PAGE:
US 4666588 A
The present invention provides for an improved three-phase reactor design and method of operation. A liquid feed/catalyst slurry is mixed with a hydrogen-containing gas stream in an external mixing loop in fluid communication with a vertically oriented reaction vessel. The hydrogen-enriched slurry is subsequently passed downwardly through the reaction vessel where the liquid feed is reacted with the hydrogen to form a usable product.
1. A process for hydrotreating a liquid hydrocarbon-containing feedstock which comprises:
(a) mixing said feedstock with a catalyst to form a liquid feed/catalyst slurry;
(b) introducing said liquid feed/catalyst slurry into a reaction vessel through a feed inlet;
(c) removing at least a portion of said liquid feed/catalyst slurry from the reaction vessel and passing it through an external mixing loop in fluid communication with the reaction vessel;
(d) introducing a hydrogen-containing gas into the external mixing loop to mix with the liquid feed/catalyst slurry; and
(e) introducing said hydrogen-containing liquid feed/catalyst slurry back into the upper portion of the reaction vessel.
2. The process in accordance with claim 1 wherein the catalyst has particle sizes ranging between 20-300 microns.
3. The process in accordance with claim 2 wherein the catalyst is selected from the group consisting of spent FCC catalyst, spent HOC catalyst and used HDS catalyst.
4. The process in accordance with claim 3 wherein the hydrogen introduced into the external mixing loop is introduced as small bubbles in a quantity sufficient to maintain the hydrotreating reactions occurring in the reaction vessel.
5. The process in accordance with claim 4 wherein a heat exchange medium is passed through a conduit in a close proximity to the external mixing loop to control the temperature of the slurry within the loop.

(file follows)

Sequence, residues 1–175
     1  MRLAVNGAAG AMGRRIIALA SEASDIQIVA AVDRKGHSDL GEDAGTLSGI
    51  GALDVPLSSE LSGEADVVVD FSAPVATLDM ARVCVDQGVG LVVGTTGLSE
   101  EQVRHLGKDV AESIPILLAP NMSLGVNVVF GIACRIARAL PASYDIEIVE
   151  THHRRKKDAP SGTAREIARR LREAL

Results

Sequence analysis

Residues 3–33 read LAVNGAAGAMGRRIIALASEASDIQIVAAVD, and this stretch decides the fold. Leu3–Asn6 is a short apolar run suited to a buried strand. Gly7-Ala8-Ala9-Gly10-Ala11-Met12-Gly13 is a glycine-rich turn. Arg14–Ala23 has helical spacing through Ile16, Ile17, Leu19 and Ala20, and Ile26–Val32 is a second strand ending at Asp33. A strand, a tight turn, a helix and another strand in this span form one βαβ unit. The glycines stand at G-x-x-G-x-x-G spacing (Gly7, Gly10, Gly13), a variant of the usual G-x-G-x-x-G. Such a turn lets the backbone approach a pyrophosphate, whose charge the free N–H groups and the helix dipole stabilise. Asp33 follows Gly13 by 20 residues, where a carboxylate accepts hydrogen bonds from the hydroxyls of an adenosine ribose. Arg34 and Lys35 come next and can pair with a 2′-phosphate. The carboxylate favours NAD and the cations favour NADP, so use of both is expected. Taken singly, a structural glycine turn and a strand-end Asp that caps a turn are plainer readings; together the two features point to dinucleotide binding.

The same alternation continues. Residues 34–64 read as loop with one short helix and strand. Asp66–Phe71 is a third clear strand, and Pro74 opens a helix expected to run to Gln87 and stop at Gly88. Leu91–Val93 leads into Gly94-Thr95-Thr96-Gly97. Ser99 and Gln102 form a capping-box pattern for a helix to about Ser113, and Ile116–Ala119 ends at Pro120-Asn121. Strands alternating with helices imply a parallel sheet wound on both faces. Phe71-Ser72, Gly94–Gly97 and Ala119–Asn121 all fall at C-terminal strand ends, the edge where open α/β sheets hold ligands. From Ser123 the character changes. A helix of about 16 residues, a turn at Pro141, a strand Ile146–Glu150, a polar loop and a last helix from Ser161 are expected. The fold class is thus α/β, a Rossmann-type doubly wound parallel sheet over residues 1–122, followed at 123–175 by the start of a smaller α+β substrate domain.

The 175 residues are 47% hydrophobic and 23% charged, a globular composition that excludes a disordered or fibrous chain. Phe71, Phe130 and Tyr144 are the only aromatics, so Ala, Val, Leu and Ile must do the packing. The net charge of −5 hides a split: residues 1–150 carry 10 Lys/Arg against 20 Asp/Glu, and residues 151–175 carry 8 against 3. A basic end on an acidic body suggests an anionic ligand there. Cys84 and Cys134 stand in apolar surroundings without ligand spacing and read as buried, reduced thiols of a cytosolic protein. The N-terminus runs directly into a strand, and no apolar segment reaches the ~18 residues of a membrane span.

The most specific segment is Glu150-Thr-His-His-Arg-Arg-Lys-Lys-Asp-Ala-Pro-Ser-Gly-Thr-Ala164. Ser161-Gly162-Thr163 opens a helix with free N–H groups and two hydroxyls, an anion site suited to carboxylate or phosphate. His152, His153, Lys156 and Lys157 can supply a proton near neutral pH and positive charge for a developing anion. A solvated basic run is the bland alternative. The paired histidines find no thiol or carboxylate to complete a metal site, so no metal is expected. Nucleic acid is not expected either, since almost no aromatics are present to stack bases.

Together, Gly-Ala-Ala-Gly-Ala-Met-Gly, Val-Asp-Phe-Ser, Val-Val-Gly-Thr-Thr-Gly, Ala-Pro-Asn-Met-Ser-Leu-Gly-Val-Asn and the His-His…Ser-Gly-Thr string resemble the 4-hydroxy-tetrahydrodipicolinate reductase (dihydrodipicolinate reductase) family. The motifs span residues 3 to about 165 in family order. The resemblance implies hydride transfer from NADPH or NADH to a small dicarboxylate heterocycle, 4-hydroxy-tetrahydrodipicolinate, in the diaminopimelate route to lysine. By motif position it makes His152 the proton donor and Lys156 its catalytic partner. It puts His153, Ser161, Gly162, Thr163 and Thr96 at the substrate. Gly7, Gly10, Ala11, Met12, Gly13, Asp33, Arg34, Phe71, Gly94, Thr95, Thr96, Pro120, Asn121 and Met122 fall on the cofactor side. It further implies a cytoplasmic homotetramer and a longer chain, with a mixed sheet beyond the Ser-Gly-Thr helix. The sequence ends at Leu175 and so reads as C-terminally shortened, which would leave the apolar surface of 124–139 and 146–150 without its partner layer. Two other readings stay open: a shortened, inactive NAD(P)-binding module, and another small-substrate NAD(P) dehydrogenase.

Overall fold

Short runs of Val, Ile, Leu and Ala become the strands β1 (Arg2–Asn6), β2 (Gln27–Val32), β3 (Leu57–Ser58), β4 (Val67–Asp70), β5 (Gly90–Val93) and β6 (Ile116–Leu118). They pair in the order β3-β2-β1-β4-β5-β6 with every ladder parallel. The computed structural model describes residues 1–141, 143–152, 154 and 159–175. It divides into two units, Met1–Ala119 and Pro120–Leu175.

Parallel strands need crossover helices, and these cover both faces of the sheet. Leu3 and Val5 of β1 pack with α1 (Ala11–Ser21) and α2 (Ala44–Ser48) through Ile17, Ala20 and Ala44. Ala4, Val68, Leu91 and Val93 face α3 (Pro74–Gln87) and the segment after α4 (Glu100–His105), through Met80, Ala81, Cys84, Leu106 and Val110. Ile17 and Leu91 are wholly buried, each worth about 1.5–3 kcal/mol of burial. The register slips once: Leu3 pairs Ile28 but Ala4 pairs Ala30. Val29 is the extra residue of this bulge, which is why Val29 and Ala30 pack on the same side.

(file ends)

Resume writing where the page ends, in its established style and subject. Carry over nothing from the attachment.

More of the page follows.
6. The process in accordance with claim 5 wherein said heat exchange medium is steam.
7. The process in accordance with claim 6 wherein said liquid hydrocarbon-containing feedstock is Vacuum Tower Bottom residual oil.
8. The process in accordance with claim 7 wherein the hydrotreatment operation is hydrodemetallization.
9. The process in accordance with claim 8 wherein the hydrotreatment operation also includes thermal hydrocracking.
10. The process in accordance with claim 9 wherein the reaction temperature in the reaction vessel is between 400°-450° C.
11. The process in accordance with claim 10 wherein the pressure within the reaction vessel is between 35-70 atm.
12. The process in accordance with claim 11 wherein the hydrogen-containing liquid feed/catalyst slurry introduced into the upper portion of the reaction vessel reacts to form a clear liquid product as it flows downward through the vessel.
13. The process in accordance with claim 12 wherein the clear liquid product is withdrawn from the reaction vessel via a liquid product outlet.
14. The process in accordance with claim 13 wherein a baffle device is positioned inside the reactor vessel so as to prevent unreacted slurry from leaving said vessel with the clear liquid product.
15. A process for hydrometallization of a poor quality residual oil feedstock containing asphaltenes which comprises:
(a) mixing said residual oil feedstock with a catalyst having particle sizes ranging between 20-300 microns, to form a liquid feed/catalyst slurry;
(b) introducing said slurry into the upper end of a vertically oriented reaction vessel through a fluid inlet;
(c) removing at least a portion of the slurry from the bottom of said reaction vessel and passing it, at a high velocity, through an external mixing loop in fluid communication with the vessel;
(d) introducing a hydrogen-containing gas into the external mixing loop to mix with the slurry passing through the loop;
(e) introducing the resultant hydrogen-containing slurry into the top portion of the reaction vessel so as to mix with the liquid feed/catalyst slurry entering the vessel through the feed inlet;
(f) passing the resulting mixture downward through the reaction vessel to allow hydrodemetallization of the residual oil to take place thereby producing a clear liquid product; and
(g) withdrawing said clear liquid product from the reaction vessel.
The present invention relates to an improved three-phase reactor design and method of operation. It particularly involves the use of the improved reactor design in hydrotreating operations.